About once each month, T’s school puts out the memo that it’s “park week.” That means that the different classrooms go to the nearby playground on alternating days of the week. It’s so nice that there’s a park close enough to school that the teachers can and are willing to take the kids off-site and broken down into smaller groups to go play somewhere different on occasion. That and I’m sure the change of scenery not only does the kids good but also helps the teachers get some needed change of pace as well.
It usually takes the entire morning for the little local field trip given that the walk each way is a good 15-20 minutes (hey, it is a walk consisting of 25 three- to six-year-olds after all) plus a nice 45 minute chunk of play time. Can’t say school isn’t doing its job of exercising the wee ones now, can we? I love that T gets to attend a preschool like this, where a kid can be a kid – and, token-free!
Feeling inspired, I decided to take school’s Park Week idea a few steps further and organized our own park week outside of school, too. Last week and in addition to the school park outing, T and I went to three of T’s favorite parks: Mother’s Beach; Seal Beach Playground; and Marina Vista Park and Playground.
The first stop was Monday at Mother’s Beach, or “blue park” as T calls it (for its blue equipment and surfaces). This park sits beachfront to Alamitos Bay on Naples Island in Long Beach and just across the bridge from Marine Stadium. As its name indicates, Mother’s Beach is the perfect spot for kids and parents to enjoy a variety of activities together and apart. There are vast grassy areas for pick-up soccer games, there’s the beach for ocean sports, water, or sand play, and of course, there’s a playground. In my opinion, nothing tops Mother’s when it comes to play equipment. The playground was rebuilt and ADA-upgraded about a year or two ago, and it’s all state-of-the-art playground equipment atop a mixed-surface (part recycled tire surface, part sand areas) for kids of all-ages. The rest of the park’s facilities (bathrooms, showers, and lifeguard station) just reopened this past month after a complete tear-down and rebuild. And just this past week a brand new snack stand called MOM’S Beach House opened (also in the new park building), all thanks to the owners and crew over at Alfredo’s Beach Club. My friends had brunch at MOM’S on its opening weekend and only passed along rave reviews for both the food and the atmosphere (al fresco dining under umbrella shades with views of the water through the park). We only hope that the upgrades that have graced Mother’s Beach these past few years help to improve the park and playground’s image within the local community overall.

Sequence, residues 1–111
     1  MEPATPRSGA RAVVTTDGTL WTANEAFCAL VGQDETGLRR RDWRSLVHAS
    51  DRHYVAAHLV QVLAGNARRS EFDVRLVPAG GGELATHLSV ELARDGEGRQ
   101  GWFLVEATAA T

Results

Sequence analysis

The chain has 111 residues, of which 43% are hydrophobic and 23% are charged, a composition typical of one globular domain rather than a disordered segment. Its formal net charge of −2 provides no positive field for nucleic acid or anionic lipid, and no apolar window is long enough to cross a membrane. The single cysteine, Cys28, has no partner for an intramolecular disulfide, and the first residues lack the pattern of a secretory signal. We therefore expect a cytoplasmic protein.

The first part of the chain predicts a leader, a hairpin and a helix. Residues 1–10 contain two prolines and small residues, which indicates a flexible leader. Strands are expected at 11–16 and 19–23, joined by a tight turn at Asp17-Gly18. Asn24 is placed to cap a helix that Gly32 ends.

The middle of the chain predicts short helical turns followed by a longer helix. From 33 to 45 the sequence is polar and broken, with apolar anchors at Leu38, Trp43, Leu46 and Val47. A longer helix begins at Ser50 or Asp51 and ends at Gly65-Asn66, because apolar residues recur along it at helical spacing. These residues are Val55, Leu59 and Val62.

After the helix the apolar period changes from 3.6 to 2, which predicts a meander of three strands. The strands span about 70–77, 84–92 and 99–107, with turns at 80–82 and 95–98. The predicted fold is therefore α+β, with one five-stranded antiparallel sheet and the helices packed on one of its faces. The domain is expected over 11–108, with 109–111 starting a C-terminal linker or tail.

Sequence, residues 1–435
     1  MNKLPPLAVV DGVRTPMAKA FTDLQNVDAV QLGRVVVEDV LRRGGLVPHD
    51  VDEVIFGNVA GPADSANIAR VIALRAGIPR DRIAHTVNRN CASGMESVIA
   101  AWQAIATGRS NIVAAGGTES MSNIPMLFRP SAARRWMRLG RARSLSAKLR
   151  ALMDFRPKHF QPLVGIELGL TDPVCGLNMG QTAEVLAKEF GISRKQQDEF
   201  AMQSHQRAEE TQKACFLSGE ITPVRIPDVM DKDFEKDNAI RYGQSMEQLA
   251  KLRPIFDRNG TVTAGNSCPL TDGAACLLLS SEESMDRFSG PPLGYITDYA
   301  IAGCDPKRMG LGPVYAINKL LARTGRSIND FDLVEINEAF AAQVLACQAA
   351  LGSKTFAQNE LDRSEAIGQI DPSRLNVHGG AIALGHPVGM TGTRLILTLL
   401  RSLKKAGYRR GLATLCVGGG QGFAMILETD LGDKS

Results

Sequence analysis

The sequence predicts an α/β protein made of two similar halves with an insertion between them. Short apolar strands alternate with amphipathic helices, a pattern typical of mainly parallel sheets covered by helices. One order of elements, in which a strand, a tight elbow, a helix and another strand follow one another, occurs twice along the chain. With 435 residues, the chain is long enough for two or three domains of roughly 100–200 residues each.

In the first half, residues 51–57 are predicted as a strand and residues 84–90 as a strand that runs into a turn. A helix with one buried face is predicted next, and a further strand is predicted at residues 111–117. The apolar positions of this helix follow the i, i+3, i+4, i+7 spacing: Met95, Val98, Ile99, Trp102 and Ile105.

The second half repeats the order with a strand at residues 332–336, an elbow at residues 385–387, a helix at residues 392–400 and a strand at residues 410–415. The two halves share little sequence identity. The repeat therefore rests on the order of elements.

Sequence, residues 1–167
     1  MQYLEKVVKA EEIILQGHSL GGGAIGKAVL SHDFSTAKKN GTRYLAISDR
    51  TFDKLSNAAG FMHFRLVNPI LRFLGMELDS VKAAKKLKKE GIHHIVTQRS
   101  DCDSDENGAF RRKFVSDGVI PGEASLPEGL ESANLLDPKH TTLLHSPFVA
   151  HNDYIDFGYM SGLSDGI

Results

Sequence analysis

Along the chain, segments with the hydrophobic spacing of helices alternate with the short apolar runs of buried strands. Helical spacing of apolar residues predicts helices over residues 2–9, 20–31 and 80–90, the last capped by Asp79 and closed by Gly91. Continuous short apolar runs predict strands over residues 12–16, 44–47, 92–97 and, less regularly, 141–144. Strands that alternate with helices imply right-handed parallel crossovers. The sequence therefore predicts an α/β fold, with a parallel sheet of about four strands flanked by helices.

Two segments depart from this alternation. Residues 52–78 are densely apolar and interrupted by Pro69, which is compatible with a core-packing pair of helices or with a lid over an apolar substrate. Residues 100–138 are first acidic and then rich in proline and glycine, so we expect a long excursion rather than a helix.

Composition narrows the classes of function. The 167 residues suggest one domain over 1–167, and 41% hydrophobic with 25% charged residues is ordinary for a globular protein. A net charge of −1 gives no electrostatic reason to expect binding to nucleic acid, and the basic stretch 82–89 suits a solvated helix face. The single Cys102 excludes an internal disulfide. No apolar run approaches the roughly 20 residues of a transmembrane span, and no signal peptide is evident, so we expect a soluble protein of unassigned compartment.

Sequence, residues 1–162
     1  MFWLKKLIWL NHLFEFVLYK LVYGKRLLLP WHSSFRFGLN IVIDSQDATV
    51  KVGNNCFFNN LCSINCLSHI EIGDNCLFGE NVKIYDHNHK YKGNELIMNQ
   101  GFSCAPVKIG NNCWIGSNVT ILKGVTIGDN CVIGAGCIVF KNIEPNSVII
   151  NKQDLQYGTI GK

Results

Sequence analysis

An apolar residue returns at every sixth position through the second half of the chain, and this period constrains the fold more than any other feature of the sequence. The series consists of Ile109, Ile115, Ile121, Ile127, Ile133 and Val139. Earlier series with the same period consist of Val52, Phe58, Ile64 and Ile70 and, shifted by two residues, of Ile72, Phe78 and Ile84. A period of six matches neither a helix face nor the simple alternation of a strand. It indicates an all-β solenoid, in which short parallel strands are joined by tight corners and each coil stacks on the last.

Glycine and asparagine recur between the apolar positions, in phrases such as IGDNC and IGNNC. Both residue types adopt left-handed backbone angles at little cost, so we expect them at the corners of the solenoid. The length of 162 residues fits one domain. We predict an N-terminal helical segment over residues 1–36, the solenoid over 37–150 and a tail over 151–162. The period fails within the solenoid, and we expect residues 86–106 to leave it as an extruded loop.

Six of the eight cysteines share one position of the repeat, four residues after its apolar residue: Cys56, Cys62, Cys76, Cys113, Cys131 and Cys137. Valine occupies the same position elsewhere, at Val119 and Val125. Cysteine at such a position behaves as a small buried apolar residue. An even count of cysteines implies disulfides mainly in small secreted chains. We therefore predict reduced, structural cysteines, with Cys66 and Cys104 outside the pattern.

Our next park week outing was on Wednesday, and we headed down to Seal Beach Playground. This, too, is a park right on the beach, but a bit different from Mother’s Beach in that it’s set up “tot lot” style – or, surrounded by walls and gates to keep the wee ones contained. Seal Beach Playground is a popular spot for those with toddlers or those with two or more kids to keep track of and watch. Seal Beach doesn’t boast a large playground, but it gets the job done for the one- to two-hour play date for the six-and-under set. There are swings, slides, climbers, monkey bars, and lots and lots of sand to dig into. Sadly on this particular day that we ventured into Seal Beach, it was the same day of the horrific Seal Beach salon shooting. Once we’d heard what was going on not even 1/3 mile away as we played at the park, needless to say we cut our trip short; we all thought it was best that we go home, hug our kids, and return on a day that seemed more appropriate. My thoughts continue to go out to the families and friends impacted by this terrible tragedy.
Our last play date during T’s extended park week took place on Thursday at Marina Vista Park and Playground. Affectionately known by T as “green park” for its green playground equipment, this park while near the beach is not on the beach but across the street from it, but it still gets great ocean breezes and, hence its name, owns a nice view of the waterfront. Marina Vista like Seal Beach is another small, cozy playground for setting up play dates with friends; though the play equipment is not fenced, it’s fairly easy to provide boundaries for the three-and-up age group in that many trees line one side of the playground, while a small, grassy ravine borders the other. Tennis courts and a nice-sized parking lot make up the other perimeters to the playground. Or if you want to give smaller boundaries, the play equipment does sit inside a bordered sandbox of sorts. Now that T is a bit older, I just tell him that if I can see him, he’s fine – otherwise if you don’t set limits ahead of time, yes, the kiddos could run behind the fencing of the courts or over the grassy knolls and into the seemingly endless all-purpose fields and easily slip out-of-sight. There’s also plenty of sand here for sandbox-style playing, too, which works out perfectly for all the kids when someone at the park brings in a bag-o-sand toys (like I usually do).
Hope you enjoyed today’s tour of our local parks! And it probably sounds crazy but this list hardly scratches the surface of parks we frequent on a regular basis. We are so fortunate to have so many choices here in our community and neighboring communities for free, frolicking fun… hope you are able to take full advantage of the parks and rec facilities in your area, too, especially before the weather turns into true fall. Happy playing!